How To Get Rid of Tendonitis in the Shoulder

How To Get Rid of Tendonitis in the Shoulder

Like most people, you have probably experienced some shoulder pain or nagging shoulder discomfort, but how do you know if it is just a sore muscle or tendon or something more serious?  Shoulder tendonitis affects millions of people in the U.S. every year, and it is easily treatable if caught early.  This article will help you learn what shoulder tendonitis is and, even more importantly, how to get rid of tendonitis in the shoulder before it turns into something worse.

What is Shoulder Tendonitis?

what is shoulder tendonitis

Shoulder tendonitis, also known as rotator cuff tendonitis, is an overuse injury causing inflammation and irritation of the shoulder tendons and muscles. Impingement syndrome often causes it, where the top bone of your shoulder (the acromion) and part of your shoulder blade (scapula) pinch (impinge) the rotator cuff tendons, resulting in a limited range of motion.

Repetitive overhead movements during activities such as swimming, volleyball, baseball, or tennis increase your chances of developing shoulder tendonitis.  Thus, it is also referred to as swimmer’s shoulder, pitcher’s shoulder, and tennis shoulder.  Likewise, if you are a painter, carpenter, or have a job that requires a lot of overhead movement, you are more likely to develop this painful condition.

Shoulder tendonitis symptoms include pain when you raise or lower your arm, pain and swelling in the front of your shoulder or side of your arm, and a clicking sound when raising your arm.  Other common symptoms include loss of mobility and pain when trying to reach behind your back or sleeping at night. Shoulder tendonitis symptoms may get worse over time if not treated.  Additionally, if tendonitis is not treated, it can result in a degeneration of the tendon that becomes tendinosis.  You can learn more about what happens if tendonitis goes untreated in our article here.  It is essential to know how to heal your shoulder tendonitis early so it does not turn into a more severe injury.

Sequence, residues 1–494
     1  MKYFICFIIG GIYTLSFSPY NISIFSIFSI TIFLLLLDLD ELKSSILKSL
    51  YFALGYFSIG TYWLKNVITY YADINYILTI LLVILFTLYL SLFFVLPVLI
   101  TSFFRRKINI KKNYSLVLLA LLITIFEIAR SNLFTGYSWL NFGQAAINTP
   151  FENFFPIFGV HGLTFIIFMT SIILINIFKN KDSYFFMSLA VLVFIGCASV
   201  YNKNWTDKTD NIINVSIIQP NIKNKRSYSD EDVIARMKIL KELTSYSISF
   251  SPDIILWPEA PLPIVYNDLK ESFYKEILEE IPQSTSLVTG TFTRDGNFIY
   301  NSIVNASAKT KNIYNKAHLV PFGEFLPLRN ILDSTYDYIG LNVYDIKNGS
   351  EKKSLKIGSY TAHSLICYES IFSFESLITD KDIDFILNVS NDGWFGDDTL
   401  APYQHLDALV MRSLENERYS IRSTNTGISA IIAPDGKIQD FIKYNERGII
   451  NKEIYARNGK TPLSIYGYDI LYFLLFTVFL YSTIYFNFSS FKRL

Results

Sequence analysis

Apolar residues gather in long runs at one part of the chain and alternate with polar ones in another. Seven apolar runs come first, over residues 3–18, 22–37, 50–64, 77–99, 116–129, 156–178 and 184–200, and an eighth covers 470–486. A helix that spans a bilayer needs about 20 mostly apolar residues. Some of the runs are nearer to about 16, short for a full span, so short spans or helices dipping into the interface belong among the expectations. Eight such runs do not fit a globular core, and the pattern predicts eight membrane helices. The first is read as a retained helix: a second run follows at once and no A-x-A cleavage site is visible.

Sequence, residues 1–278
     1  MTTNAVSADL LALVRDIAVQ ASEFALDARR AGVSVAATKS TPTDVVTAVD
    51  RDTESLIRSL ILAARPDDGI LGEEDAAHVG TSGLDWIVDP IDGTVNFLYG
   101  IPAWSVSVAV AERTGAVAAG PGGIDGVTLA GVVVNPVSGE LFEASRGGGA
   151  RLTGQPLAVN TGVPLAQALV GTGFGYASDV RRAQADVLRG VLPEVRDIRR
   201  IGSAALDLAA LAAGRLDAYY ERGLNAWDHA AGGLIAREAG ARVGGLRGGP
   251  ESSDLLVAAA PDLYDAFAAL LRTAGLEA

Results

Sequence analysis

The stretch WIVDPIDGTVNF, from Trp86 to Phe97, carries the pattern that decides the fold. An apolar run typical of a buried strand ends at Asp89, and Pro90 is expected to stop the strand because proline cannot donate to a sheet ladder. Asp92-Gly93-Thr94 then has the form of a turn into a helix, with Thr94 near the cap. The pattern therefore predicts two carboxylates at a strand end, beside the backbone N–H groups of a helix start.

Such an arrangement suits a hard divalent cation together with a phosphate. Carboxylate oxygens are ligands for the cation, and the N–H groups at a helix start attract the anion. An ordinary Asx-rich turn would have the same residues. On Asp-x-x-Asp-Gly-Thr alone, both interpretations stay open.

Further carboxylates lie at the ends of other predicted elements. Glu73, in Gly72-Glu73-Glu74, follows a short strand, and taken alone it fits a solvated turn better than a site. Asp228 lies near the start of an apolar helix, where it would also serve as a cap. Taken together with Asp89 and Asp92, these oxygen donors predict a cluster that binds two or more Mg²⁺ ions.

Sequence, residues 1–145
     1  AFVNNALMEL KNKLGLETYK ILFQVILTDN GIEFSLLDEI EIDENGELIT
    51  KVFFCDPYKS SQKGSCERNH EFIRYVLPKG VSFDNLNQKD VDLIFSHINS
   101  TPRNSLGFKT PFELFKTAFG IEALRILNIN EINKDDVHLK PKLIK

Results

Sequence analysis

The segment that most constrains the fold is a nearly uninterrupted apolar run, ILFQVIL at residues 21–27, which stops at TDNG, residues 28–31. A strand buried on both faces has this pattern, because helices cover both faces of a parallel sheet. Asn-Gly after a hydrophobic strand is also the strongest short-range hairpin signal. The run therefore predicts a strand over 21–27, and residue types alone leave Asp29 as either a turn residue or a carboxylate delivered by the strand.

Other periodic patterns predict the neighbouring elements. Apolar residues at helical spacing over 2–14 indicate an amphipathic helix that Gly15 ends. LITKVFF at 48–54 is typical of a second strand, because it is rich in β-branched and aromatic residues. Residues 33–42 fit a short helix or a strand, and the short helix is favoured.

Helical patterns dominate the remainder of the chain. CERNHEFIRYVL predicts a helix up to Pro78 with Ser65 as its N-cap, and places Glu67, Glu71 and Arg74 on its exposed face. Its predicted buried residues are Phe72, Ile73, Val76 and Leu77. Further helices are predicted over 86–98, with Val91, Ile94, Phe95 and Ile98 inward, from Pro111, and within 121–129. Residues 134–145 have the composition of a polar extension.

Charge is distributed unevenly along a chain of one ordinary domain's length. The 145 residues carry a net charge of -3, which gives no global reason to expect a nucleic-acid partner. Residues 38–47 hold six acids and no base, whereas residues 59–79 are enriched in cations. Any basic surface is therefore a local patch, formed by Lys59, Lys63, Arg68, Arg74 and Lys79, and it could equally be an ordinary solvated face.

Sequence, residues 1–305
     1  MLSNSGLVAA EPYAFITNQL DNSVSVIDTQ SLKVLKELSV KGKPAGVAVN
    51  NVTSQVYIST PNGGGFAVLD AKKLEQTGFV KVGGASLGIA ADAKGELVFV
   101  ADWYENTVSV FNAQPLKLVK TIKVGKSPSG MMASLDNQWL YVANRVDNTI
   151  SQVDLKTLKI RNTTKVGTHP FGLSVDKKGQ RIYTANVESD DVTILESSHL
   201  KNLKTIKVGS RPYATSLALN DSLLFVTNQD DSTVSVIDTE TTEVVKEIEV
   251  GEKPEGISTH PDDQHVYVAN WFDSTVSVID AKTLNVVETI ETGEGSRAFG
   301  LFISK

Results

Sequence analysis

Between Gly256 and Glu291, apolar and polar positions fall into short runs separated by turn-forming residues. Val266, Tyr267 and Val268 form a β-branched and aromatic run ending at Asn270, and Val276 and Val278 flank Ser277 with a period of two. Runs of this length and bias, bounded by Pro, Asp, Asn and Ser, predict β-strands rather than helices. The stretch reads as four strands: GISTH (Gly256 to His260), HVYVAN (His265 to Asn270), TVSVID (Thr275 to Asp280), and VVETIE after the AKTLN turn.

Shoulder Tendonitis Treatments

Shoulder tendonitis is very common, and there are well-established guidelines for getting rid of tendonitis in the shoulder.  Treatments range from self-care remedies to physical therapy and injections. If these conservative treatments do not provide relief, surgery and High-energy Shockwave therapy are additional options.

Self-Care

self-care

If you have shoulder tendonitis, it is critical to start self-care immediately.  These treatments help prevent further damage and allow your body to initiate healing.  First and foremost, rest the affected shoulder.

Overuse of the arm and shoulder caused the tendonitis in the first place, so taking a break from the repetitive movement that caused the injury will give it time to heal.  To reduce inflammation, apply ice three to four times daily for the first 48 to 72-hours and take a nonsteroidal anti-inflammatory drug (NSAID) like Advil or Aleve or a natural anti-inflammatory like curcumin.   

Other important things you can do throughout your day are using good posture and avoiding carrying heavy objects with the affected arm and shoulder. Avoiding heavy items includes moving a book bag or purse from your affected shoulder to the other so that the shoulder gets maximum rest.  If you must carry something heavy, hold it close to your body and not to your side.  Lightly stretching the shoulder throughout the day is also helpful in reducing stiffness but not to the point that it causes pain.  At night, try not to sleep on the painful side.